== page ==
by Crina Ilie

It’s fascinating how easily we narrow our understanding on diversity based on race, age and gender parameters that are immediate and somehow clearly visible to us. Diversity is much more, though. From distinctions in religion, education, sexual orientation, personality type, and a variety of other factors, diversity comprises many things that may or may not be obvious when first meeting someone.

This is why I find the subject of promoting women on leadership roles perhaps more complex, intriguing and personal. I owe my very personal perspective partly to my role as a working mother and partly to my position of HR professional for a company with 66,000 employees spread across 24 countries. When I look around the floors of our European centers, where 75% of my colleagues are women, I see how the commitment to diversity plays out positively from a gender standpoint.

Going up in the organizational layers, that percentage begins to narrow. Still, women make up 33% of our senior staff overall. That’s an even more impressive figure when you consider that many of the countries where we operate have workforces that heavily skew men.

Genpact culture strongly encourages internal promotion and talent grooming of women, but then why does the percentage of women go down as you go up the ladder? The HART Consulting recent survey on 100 Romanian based organizations offers possible explanations. The survey analyzed gender stereotypes in Romanian leadership, testing three assertions:

1. Women have lower career motivation than men

2. Women do not have the needed traits and behaviors to be good leaders

3. Women are more oriented towards traditional roles (housewife, mother, etc.)


Results revealed:

• All people surveyed considered both women and men are equally career motivated

• Women’s working style was perceived as fundamentally different from men’s

• 55% of respondents strongly opposed the notion that women do not cope with crises

• 51% are totally against the statement that women are not competent leaders

• 60% of respondents are against the idea that women should take care of household

• Only 17% of respondents perceive raising children as a task for women only

Key conclusion: The traditional perception of women in the workforce is outdated in the context of current public opinion. From this, we can conclude that society and the workplace environment is no longer discriminatory towards women who want to pursue a leadership career. It seems that women are making their own personal choice when it comes to balancing career with private life. They are more reluctant to make the trade-offs in the quality of family life that taking a larger leadership role often requires them to make.

To cope with inadequate employer work/life balance policies and resources, women continue to adapt their work patterns by weighting their choices in favor of family. The strongest proof of this truth: European Commission statistics show that the employment rate of women decreases with the number of children, while the employment rate of men increases with the first and the second child.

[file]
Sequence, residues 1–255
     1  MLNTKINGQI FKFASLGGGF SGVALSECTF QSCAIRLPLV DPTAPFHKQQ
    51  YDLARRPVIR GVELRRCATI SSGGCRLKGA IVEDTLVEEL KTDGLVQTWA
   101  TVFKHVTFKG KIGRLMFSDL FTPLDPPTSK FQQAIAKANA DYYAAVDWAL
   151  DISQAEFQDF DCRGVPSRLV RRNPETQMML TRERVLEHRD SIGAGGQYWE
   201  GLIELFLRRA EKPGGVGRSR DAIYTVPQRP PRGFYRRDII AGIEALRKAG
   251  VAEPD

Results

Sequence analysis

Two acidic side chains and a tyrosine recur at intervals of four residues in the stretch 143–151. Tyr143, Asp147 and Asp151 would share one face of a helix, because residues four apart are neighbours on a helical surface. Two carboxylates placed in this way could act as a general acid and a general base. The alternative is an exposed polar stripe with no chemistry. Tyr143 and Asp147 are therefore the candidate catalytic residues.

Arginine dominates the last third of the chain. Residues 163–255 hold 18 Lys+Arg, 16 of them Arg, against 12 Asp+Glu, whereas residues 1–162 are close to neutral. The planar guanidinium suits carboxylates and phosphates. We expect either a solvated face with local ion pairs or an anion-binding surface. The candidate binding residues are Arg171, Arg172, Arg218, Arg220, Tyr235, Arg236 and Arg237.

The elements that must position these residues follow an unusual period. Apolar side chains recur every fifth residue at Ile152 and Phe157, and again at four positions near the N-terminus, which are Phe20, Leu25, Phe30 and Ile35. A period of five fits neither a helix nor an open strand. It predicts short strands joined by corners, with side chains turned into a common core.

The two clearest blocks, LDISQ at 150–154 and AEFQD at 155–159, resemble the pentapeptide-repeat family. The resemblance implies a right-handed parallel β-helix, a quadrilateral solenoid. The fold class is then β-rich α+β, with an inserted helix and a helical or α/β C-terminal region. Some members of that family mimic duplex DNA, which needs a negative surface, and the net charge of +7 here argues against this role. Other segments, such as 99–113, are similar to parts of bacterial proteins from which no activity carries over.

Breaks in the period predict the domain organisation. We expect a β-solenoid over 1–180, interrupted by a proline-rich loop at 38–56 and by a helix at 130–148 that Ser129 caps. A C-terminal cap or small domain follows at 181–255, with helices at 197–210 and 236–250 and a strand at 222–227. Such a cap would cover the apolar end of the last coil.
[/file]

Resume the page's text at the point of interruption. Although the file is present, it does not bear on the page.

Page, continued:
In my case, I delayed motherhood until I felt confident enough that my professional skills would allow me to take a year off to care for my daughter and still return to work and have a fulfilling role. In preparation for a return to work, I chose a long schedule kindergarten, leveraged all the help I could from my parents during summer holidays, and encouraged my husband to open his more family-flexible small business as soon as he felt ready for it. By the time my daughter was ready to go to school, I believed I could “risk” the demands of a leadership role, which was a dream come true for my career.

It was only after I left Genpact that I started to realize the value of the flexible schedule and the openness to work from home when my child was sick. These were not considered “reasonable options” for a senior staff member at that time. Amongst others, this was one of the reasons I decided to rejoin Genpact.

It is very important for me to be the last to leave the house, only after ensuring myself the day started well for my loved ones. I would feel terribly guilty not being able to care for my sick daughter when in need. So when the time came for me to look again at where my career was heading, these two “advantages” were key in my assessment of job opportunities.

Even with the right values, family support and workplace policies and resources, I always have to remind myself: “You can have everything in life, but not all at once.” I still make trade-offs every day, but don’t we all? What works for me is that I establish and maintain a rhythm that lets me perform well within the flexible framework of the options and limits of the choices I’ve made.

I’ve aligned what success means for me to my personal standards, and that makes for a more enjoyable life. Malcolm Forbes defined Diversity as being “the art of thinking independently together.” If diversity is to become the vital force for new thinking and new successes that it can be, we have to remember that any big change we would like to drive starts by making a change within ourselves.

Diana Dumbrava
2014-11-25 14:18:39

Nice to see that! Women can coquer the world !! ;))

2014-10-24 16:31:25


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sadly it doesn't come with a belt but I bought a few to give sense to my role :) (fyi, Lean Six Sigma is a Japanese methodology taking inspiration from Karate)rnrnanyway, with a bit of dedication, being in the right place & very little luck I'm sure everyone could achieve this! all the best!

Matei Vlad Laurentiu commented on SPORTS IN GENPACT

Go Genpact!

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